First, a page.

Once China's ratification is complete, 65 per cent of the world's population will live in states that have ratified the global tobacco treaty. China is expected to finalise ratification by November, the deadline to participate in the treaty's first enforcement meeting early next year.
The Chinese government estimates that there are 350 million smokers in the country. About 60 per cent of Chinese men and 3 per cent of women smoke. It also appears that the number of children and young female smokers may be increasing significantly.
China must now register its ratification with the United Nations in New York before ratification is officially recognised. Ninety days after the ratification is accepted by the United Nations, the convention becomes binding international law for China.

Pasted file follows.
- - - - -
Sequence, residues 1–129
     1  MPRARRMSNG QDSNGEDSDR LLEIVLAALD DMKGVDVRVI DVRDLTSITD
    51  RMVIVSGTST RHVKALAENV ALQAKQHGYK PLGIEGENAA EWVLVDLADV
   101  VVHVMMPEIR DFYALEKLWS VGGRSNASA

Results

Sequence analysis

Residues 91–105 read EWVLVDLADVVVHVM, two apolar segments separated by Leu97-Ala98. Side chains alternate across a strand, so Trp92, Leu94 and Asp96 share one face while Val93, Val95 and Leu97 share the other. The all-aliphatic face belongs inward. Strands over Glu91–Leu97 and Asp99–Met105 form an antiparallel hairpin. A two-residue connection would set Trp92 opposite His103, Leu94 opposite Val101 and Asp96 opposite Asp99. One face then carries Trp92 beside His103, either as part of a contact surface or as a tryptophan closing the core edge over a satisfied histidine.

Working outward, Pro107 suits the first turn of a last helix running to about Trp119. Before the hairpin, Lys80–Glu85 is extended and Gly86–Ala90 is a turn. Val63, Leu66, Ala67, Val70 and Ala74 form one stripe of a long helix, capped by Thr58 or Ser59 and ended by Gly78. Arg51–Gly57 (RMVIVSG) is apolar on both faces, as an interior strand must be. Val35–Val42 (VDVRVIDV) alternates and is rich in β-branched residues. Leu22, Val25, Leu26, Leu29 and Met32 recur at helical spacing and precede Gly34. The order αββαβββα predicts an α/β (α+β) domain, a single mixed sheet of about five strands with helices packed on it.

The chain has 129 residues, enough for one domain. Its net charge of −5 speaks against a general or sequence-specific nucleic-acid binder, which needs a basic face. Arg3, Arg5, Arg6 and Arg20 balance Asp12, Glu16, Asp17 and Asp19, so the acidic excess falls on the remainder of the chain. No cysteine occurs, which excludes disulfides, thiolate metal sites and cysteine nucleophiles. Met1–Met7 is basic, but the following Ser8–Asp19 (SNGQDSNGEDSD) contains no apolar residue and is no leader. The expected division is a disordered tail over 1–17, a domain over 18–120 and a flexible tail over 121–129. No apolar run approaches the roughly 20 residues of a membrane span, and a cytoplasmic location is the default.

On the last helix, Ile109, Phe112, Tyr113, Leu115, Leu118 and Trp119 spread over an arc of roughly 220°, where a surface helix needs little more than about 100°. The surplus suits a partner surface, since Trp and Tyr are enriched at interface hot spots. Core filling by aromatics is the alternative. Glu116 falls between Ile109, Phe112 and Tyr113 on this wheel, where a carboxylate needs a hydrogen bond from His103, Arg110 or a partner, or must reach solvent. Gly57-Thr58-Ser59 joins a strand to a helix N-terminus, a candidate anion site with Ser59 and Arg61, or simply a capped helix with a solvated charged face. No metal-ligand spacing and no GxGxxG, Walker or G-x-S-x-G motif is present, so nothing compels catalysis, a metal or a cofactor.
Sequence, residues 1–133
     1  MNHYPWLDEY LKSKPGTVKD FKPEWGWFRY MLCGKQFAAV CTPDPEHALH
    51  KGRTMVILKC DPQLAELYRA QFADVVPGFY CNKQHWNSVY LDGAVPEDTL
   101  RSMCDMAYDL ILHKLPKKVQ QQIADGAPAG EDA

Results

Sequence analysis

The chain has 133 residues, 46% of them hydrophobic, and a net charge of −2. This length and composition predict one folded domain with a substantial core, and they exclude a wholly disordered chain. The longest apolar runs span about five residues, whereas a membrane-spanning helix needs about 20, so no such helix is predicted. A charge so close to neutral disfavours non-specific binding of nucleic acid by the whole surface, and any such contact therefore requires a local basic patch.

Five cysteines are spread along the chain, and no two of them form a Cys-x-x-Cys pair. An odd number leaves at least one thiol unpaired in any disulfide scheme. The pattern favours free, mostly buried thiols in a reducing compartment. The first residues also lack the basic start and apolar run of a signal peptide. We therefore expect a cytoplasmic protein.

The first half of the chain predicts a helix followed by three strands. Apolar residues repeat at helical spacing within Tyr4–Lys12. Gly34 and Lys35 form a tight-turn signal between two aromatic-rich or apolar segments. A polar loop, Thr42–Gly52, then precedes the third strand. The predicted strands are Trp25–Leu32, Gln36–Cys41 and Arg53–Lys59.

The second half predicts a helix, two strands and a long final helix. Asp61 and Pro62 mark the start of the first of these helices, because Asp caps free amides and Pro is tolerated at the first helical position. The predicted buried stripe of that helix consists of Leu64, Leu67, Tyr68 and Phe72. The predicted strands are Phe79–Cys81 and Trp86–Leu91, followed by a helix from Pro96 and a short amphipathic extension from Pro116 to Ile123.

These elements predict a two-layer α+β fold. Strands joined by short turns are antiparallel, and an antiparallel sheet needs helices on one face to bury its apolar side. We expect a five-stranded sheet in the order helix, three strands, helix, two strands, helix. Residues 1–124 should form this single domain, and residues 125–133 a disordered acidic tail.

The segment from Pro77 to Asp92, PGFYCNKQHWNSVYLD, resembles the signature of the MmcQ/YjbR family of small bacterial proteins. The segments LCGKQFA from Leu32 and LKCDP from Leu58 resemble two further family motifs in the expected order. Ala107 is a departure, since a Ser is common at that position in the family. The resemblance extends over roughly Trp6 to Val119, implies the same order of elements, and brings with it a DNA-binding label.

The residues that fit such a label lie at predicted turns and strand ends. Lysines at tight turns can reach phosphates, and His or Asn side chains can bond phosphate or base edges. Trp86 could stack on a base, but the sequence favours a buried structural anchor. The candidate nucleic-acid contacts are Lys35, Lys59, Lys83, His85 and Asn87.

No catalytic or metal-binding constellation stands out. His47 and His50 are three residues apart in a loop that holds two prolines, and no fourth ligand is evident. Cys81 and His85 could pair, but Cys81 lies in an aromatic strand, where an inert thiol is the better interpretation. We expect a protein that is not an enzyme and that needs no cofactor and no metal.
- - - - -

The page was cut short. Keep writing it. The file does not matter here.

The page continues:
Among its provisions, the treaty requires China to ban tobacco advertising, promotion and sponsorship on radio, television, print media and the Internet within five years. It also prohibits tobacco-company sponsorship of international events and activities. Chinese state media reported that China is to ban all tobacco-vending machines, including in self- administered Hong Kong and Macao.
China, like the US, who have signed but not ratified the FCTC yet, opposed some of the global tobacco treaty's most important measures during the negotiating process. (pi)